**-I**for the inverse conversion). Append datum ID (see

**-Qd**)

or give

__ellipsoid__:

__dx__,

__dy__,

__dz__where

__ellipsoid__may be an ellipsoid ID (see

**-Qe**) or

given as

__a__[,*inv_f*], where

__a__is the semi-major axis and

__inv_f__is the inverse

flattening (0 if omitted). If

__datum__is - or not given we assume WGS-84.

**-F[**

__unit__

**]**

Force 1:1 scaling, i.e., output (or input, see

**-I**) data are in actual projected

meters. To specify other units, append the desired unit (see UNITS). Without

**-F**,

the output (or input, see

**-I**) are in the units specified by PROJ_LENGTH_UNIT (but

see

**-D**).

**-G[**

__x0__

**/**

__y0__

**/][[+|-]**

__unit__

**][+|-]**

Calculate distances along track

__or__to the optional point set with

**-G**

__x0/y0__. Append

the distance unit (see UNITS), including

**c**(Cartesian distance using input

coordinates) or

**C**(Cartesian distance using projected coordinates). The

**C**unit

requires

**-R**and

**-J**to be set. With no fixed point is given we calculate cumulate

distances along track. Append

**-**to obtain incremental distance between successive

points. Append

**+**to specify the 2nd point via two extra columns in the input file.

**-I**Do the Inverse transformation, i.e., get (longitude,latitude) from (x,y) data.

**-L**

__line.xy__

**[/[+|-]**

__unit__

**][+]**

Determine the shortest distance from the input data points to the line(s) given in

the ASCII multisegment file

__line.xy__. The distance and the coordinates of the

nearest point will be appended to the output as three new columns. Append the

distance unit (see UNITS), including

**c**(Cartesian distance using input coordinates)

or

**C**(Cartesian distance using projected coordinates). The

**C**unit requires

**-R**and

**-J**to be set. Finally, append

**+**to report the line segment id and the fractional

point number instead of lon/lat of the nearest point.

**-N[a|c|g|m]**

Convert from geodetic latitudes (using the current ellipsoid; see PROJ_ELLIPSOID)

to one of four different auxiliary latitudes (longitudes are unaffected). Choose

from

**a**uthalic,

**c**onformal,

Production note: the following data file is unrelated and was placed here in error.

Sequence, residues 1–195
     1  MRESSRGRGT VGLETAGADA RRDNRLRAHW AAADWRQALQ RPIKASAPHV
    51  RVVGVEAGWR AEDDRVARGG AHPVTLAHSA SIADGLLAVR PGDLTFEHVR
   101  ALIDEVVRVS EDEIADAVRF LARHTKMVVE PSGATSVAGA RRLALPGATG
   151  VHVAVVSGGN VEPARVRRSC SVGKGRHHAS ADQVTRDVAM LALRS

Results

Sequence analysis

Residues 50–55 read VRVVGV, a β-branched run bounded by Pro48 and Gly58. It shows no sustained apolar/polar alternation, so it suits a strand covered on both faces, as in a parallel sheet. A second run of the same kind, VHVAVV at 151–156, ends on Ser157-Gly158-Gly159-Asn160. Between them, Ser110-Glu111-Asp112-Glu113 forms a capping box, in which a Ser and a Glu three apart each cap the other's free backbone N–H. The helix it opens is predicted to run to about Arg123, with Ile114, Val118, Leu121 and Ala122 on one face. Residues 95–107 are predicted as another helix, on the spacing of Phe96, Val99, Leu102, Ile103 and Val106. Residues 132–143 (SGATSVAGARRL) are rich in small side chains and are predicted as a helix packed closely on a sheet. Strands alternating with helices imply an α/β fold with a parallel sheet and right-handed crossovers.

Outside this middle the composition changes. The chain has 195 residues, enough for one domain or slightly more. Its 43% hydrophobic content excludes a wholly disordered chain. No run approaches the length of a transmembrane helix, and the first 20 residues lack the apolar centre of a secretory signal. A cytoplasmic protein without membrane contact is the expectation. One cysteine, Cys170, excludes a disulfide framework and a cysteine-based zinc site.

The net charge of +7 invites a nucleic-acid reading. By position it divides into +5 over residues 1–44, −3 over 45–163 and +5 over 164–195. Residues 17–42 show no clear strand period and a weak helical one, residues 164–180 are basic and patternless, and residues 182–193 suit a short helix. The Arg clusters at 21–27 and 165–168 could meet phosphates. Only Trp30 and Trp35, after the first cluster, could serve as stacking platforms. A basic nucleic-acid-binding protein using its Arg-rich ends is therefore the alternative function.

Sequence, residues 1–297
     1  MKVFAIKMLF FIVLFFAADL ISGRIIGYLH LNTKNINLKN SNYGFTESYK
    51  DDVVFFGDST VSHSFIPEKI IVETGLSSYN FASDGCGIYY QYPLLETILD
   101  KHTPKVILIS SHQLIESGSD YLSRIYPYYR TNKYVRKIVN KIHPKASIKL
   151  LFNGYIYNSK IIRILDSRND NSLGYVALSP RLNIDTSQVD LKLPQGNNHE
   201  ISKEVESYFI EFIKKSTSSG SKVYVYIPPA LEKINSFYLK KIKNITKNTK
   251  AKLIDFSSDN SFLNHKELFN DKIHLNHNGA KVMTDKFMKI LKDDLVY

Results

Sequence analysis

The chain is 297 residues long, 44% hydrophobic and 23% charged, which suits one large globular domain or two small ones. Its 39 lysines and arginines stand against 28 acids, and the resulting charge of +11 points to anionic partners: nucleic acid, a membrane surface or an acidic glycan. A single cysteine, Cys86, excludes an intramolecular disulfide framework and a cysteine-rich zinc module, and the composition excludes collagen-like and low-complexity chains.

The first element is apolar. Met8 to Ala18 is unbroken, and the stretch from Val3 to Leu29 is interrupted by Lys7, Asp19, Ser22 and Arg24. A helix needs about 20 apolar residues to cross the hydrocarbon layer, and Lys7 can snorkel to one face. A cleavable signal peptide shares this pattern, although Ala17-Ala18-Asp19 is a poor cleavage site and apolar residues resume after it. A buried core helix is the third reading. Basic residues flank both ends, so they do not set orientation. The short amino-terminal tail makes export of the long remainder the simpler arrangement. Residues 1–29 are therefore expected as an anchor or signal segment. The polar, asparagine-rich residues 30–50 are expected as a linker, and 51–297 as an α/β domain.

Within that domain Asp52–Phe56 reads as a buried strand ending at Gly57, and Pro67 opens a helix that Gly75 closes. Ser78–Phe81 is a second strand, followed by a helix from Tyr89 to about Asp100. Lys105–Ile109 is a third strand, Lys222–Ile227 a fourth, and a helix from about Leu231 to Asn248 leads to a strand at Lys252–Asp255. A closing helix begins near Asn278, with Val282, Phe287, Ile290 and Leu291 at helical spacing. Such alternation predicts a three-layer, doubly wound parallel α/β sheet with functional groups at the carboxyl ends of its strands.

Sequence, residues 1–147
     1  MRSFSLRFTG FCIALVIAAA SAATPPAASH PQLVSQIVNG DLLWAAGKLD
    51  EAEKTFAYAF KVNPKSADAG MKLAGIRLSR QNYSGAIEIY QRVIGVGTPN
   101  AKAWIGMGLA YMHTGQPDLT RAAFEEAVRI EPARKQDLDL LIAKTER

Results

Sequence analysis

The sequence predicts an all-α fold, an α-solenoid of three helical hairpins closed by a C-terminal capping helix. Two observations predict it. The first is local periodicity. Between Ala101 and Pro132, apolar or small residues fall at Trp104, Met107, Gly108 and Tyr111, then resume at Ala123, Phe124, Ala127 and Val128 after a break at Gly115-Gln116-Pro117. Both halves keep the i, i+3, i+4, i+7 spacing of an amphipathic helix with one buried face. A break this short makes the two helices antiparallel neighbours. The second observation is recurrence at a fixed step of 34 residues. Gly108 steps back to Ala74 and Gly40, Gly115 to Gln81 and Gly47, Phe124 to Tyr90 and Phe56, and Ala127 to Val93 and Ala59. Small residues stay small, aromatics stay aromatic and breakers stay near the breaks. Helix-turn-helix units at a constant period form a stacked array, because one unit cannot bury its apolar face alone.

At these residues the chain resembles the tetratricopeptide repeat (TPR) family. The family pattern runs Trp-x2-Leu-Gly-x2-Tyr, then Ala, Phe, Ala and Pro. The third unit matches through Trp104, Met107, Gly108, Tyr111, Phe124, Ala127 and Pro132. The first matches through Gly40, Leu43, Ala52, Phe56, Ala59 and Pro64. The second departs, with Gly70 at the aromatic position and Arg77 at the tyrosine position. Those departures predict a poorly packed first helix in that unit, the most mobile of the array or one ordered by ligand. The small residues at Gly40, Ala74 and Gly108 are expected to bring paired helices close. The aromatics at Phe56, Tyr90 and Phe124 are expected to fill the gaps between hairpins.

**g**eocentric, and

**m**eridional latitudes [geocentric]. Use

**-I**

to convert from auxiliary latitudes to geodetic latitudes.

**-Q[d|e**List all projection parameters. To only list datums, use

**-Qd**. To only list

ellipsoids, use

**-Qe**.

**-S**Suppress points that fall outside the region.

**-T[h]**

__from__

**[/**

__to__

**]**

Coordinate conversions between datums

__from__and

__to__using the standard Molodensky

transformation. Use

**-Th**if 3rd input column has height above ellipsoid [Default

assumes height = 0, i.e., on the ellipsoid]. Specify datums using the datum ID (see

**-Qd**) or give

__ellipsoid__:

__dx__,

__dy__,

__dz__where

__ellipsoid__may be an ellipsoid ID (see

**-Qe**) or

given as

__a__[,*inv_f*], where

__a__is the semi-major axis and

__inv_f__is the inverse

flattening (0 if omitted). If

__datum__is - or not given we assume WGS-84.

**-T**may be

used in conjunction with

**-R**

**-J**to change the datum before coordinate projection

(add

**-I**to apply the datum conversion after the inverse projection). Make sure that

the PROJ_ELLIPSOID setting is correct for your case.

**-V[**

__level__

**]**

**(more**

**...)**

Select verbosity level [c].

**-W[w|h]**

Prints map width and height on standard output. No input files are read. To only

output the width or the height, append

**w**or

**h**, respectively. The units of the

dimensions may be changed via

**-D**.

**-bi[**

__ncols__

**][t]**

**(more**

**...)**

Select native binary input. [Default is 2 input columns].

**-bo[**